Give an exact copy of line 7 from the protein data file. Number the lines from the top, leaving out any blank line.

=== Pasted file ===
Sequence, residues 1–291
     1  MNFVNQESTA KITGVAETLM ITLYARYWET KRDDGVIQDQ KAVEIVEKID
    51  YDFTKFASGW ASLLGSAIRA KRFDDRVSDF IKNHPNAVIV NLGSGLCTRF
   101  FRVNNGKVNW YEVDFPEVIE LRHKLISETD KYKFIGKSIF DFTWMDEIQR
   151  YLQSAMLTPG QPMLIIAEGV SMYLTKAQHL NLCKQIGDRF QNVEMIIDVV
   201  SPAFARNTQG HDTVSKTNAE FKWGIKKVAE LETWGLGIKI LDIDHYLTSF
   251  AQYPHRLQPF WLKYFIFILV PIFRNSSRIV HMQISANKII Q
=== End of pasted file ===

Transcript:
   251  AQYPHRLQPF WLKYFIFILV PIFRNSSRIV HMQISANKII Q